The City of Asheville can afford to commission studies about sidewalks, studies about parking garages that can be disregarded after a few hundred thousand dollars are sunk into the design phase, and studies about a green roof for the civic center. It can commit to giving Biltmore Farms, one of the wealthiest local developers, a $2.5 million economic incentives package. It can budget for education and outreach programs that teach citizens that when it rains, dirt turns to mud, which flows downhill and into streams. Amazing, huh?

But there’s one thing city government cannot fund. According to council’s agenda, they are entering into a memorandum of understanding with the Department of Justice to receive grant moneys for the purchase of police equipment. The contract states, “Due to . . . budget constraints with the passing of each fiscal year, each department is not always able to provide the needed equipment for our officers to perform their duties safely and properly.” Ten percent of Asheville’s police budget comes from “intergovernmental” sources.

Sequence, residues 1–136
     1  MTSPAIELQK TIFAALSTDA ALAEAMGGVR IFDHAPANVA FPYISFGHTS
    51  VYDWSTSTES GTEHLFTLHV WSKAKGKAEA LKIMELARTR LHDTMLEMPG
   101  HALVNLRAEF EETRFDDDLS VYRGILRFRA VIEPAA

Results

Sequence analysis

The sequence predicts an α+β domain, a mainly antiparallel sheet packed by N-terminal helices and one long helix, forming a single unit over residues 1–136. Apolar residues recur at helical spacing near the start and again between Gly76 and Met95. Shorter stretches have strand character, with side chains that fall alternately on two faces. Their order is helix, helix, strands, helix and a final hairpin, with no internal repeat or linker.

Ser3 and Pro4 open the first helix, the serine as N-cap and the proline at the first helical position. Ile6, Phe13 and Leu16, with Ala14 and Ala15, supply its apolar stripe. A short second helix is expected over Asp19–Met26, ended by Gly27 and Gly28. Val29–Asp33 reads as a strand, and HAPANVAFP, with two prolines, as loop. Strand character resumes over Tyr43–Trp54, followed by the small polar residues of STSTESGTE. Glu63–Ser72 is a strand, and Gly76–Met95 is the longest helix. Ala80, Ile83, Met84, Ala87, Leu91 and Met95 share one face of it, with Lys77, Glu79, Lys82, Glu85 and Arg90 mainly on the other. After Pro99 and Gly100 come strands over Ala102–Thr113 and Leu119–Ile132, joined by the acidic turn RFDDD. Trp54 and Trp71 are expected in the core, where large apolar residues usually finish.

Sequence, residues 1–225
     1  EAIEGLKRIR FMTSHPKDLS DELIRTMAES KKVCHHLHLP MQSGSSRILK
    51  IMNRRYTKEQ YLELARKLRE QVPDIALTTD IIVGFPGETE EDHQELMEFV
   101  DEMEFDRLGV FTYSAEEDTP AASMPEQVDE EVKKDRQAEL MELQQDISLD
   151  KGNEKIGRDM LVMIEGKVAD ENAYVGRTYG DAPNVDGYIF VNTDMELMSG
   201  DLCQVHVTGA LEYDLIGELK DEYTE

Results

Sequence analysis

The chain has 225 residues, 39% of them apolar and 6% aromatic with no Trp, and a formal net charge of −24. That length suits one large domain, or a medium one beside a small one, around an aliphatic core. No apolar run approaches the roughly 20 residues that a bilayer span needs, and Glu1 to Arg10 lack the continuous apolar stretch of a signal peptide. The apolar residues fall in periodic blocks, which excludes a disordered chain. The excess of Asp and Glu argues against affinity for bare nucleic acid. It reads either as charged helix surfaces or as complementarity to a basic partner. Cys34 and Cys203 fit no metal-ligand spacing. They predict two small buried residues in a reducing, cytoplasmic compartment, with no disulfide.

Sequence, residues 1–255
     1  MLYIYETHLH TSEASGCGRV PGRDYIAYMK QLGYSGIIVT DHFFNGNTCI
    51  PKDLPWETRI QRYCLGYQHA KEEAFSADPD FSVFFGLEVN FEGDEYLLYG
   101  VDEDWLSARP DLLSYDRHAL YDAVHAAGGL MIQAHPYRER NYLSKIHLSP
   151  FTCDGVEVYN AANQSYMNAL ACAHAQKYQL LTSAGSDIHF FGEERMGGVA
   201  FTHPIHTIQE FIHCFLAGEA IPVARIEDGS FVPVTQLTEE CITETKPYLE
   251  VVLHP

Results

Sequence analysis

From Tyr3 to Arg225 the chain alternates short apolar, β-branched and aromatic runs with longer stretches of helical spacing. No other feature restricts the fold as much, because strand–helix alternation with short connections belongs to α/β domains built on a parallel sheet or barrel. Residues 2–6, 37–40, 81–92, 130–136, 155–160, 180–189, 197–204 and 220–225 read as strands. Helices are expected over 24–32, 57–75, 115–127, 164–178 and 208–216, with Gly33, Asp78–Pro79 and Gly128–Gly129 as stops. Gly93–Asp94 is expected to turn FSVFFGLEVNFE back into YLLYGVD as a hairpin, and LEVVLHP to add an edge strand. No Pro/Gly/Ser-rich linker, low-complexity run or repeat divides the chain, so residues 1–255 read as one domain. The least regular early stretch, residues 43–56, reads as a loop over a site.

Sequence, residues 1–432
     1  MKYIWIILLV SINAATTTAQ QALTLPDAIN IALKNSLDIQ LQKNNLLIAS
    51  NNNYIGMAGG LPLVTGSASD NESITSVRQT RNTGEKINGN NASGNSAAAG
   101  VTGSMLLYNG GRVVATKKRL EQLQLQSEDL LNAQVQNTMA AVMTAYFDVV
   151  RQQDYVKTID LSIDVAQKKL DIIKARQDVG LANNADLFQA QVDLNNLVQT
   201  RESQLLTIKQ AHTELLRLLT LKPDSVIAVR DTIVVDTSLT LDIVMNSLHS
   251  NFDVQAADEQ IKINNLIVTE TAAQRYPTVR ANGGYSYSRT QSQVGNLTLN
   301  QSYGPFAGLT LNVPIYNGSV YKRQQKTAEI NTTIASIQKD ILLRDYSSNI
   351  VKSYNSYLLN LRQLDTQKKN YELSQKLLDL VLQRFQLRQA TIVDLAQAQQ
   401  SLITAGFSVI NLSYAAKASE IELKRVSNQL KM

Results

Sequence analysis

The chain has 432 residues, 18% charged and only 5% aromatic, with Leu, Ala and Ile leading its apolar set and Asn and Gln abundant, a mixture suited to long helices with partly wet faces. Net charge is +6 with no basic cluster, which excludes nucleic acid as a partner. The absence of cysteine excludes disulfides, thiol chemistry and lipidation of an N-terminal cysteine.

Some silly precepts learned in civics class come to mind: (1) For all practical purposes, power can be considered to follow laws of conservation. It can neither be created nor destroyed, only transferred. (2) Too much power in one place is a bad thing lest it fall into abusive hands. (3) Power is never transferred to the federal government without strings attached.

The JAG grants give Asheville and Buncombe County $53,641. In exchange, the local police departments give the federal government quarterly accounting and annual performance reports. Terrorists might enjoy having so much information about public safety in one, centralized location. Better yet, Bush-haters are expected to take the carrot dangled by Bush and his Big Oil Neocons, with its conditions of federal oversight, because, as they have asserted in the past, federal grants are free money.